and everything you are chasing
will come around and catch you."
– John DePaola
In the clinical sense, stress refers to ‘a situation that causes discomfort and distress for a person,’ and can lead to other mental health problems with physical repercussions. Stress is now considered a normal part of life, however studies show that 75% to 90% of all doctors visits are for stress-related issues. Stress has become a modern age epidemic.
Stress has a long list of effects on the body, including headaches, neck pain and back pain, muscle tension, insomnia and lack of proper sleep, digestive issues, frequent colds and infections, low energy, clenched jaw and grinding teeth, to name a few. The only ones reaping the rewards from stress are Big Pharma.
The biggest problem with stress is that we have been treating its symptoms – such as high blood pressure, stroke, heart disease, insomnia – instead of its cause.
Children are taking more pain medications than ever before; thirty-somethings are suffering with resurfacing acne and digestive issues, and a compromised immune system has become the norm, with a huge increase in older adults suffering with shingles, rheumatoid arthritis, and cardiovascular diseases – all said to be enhanced by stress.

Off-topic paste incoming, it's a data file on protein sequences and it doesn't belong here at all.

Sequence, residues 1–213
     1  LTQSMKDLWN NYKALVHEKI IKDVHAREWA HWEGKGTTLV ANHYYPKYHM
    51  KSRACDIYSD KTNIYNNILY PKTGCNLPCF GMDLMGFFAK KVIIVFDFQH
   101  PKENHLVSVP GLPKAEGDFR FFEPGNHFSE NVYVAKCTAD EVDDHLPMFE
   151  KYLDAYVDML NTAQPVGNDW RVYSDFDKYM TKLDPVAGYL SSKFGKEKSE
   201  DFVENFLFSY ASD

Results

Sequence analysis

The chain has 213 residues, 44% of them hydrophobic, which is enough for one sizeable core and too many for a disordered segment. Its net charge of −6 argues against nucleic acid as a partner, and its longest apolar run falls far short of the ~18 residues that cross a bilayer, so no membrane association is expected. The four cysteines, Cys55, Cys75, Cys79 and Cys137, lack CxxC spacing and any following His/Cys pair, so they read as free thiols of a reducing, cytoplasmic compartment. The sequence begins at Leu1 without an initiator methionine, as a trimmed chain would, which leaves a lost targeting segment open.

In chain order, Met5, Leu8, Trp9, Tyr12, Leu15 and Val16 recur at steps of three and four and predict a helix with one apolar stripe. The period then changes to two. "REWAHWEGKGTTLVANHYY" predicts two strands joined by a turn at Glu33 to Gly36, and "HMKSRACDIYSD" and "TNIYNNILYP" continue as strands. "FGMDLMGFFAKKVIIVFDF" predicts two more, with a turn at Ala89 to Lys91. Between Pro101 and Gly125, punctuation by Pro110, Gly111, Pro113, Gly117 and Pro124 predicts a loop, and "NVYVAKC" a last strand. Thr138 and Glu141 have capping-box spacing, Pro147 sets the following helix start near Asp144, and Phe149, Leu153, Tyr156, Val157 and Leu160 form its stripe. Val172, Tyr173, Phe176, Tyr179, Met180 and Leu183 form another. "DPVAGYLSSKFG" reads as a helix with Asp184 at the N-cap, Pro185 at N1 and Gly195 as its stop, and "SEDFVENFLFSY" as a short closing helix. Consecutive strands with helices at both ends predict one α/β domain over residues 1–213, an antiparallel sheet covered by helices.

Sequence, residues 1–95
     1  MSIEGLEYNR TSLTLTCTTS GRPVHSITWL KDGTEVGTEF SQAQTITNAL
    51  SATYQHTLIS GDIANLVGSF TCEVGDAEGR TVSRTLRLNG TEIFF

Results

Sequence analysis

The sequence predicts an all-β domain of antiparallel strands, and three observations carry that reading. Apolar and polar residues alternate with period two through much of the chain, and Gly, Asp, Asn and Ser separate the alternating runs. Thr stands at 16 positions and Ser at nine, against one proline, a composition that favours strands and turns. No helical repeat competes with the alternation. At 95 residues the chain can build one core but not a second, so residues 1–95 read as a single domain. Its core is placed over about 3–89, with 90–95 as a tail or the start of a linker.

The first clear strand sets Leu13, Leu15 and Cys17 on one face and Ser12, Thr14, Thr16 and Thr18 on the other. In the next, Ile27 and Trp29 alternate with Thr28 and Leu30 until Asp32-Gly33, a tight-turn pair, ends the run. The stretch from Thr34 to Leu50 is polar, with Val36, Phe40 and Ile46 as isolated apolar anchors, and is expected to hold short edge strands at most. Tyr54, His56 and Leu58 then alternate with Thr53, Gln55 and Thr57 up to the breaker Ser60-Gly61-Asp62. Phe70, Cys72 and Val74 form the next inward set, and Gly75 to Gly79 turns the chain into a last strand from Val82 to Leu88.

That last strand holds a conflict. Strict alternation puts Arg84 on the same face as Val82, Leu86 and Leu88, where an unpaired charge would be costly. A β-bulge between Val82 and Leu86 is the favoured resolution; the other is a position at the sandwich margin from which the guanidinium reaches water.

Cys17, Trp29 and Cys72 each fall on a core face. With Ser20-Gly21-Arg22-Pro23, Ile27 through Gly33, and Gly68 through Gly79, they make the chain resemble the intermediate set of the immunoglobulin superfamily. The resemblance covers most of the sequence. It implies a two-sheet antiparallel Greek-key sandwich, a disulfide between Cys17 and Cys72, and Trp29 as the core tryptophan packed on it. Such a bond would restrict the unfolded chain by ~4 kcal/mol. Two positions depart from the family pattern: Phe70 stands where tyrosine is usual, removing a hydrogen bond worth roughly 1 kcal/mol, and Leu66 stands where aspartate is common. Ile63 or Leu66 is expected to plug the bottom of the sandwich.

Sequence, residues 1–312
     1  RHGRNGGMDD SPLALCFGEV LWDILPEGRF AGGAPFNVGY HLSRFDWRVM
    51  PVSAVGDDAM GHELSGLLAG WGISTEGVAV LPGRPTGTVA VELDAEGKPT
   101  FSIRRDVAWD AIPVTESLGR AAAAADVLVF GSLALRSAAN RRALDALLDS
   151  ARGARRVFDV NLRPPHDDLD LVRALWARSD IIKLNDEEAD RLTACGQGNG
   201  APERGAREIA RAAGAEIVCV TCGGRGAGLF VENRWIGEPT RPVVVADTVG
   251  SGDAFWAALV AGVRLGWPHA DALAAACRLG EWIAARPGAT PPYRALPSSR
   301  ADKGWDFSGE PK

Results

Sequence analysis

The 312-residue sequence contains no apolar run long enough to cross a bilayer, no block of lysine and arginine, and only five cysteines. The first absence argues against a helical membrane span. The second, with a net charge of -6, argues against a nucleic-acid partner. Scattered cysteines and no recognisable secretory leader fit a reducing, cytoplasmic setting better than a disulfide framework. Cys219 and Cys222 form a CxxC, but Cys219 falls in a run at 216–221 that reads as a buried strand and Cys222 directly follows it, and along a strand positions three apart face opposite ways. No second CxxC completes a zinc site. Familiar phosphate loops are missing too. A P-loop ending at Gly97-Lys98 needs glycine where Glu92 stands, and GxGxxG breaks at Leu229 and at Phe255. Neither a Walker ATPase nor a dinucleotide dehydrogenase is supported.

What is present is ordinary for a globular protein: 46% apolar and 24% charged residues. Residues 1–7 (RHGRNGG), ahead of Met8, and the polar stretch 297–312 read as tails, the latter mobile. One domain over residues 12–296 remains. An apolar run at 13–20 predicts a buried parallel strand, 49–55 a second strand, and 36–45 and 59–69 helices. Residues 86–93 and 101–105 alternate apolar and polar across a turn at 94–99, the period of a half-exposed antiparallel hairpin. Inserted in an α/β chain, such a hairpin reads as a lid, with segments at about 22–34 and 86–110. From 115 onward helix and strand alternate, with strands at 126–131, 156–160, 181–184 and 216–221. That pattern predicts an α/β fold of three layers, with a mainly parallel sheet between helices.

The best remedy for stress is to set limits or boundaries, and find moments to take... a... breath… For some this may mean cooking, or gardening, taking a yoga class, or going out for a walk. We need to restructure our lives and learn to live among or below our financial means, declutter, learn to delegate and to say ‘no thank you’. It’s the realization that we need to simplify our lives now, before we’re paying the price through illness.•
In a 1974 article in the Harvard Business Review, entitled “Who’s Got The Monkey?” authors William Oncken Jr. and Donald L. Wass tell the tale of an overburdened manager who allows his employees to delegate upward. When a manager takes an unsolved problem from his subordinates, he is allowing a figurative monkey to leap from the employee’s back to his back. When a manager has too many monkeys, he is increasing his own load, probably failing to solve the problems effectively.
Oncken and Wass offer a well defined basic law for ‘managing monkeys’:
“At no time while I am helping you will your problem become my problem. The instant your problem becomes mine, you will no longer have a problem. I cannot help someone who hasn’t got a problem. You may ask my help at any appointed time, and we will make a joint determination of what the next move will be – and who will make it.”
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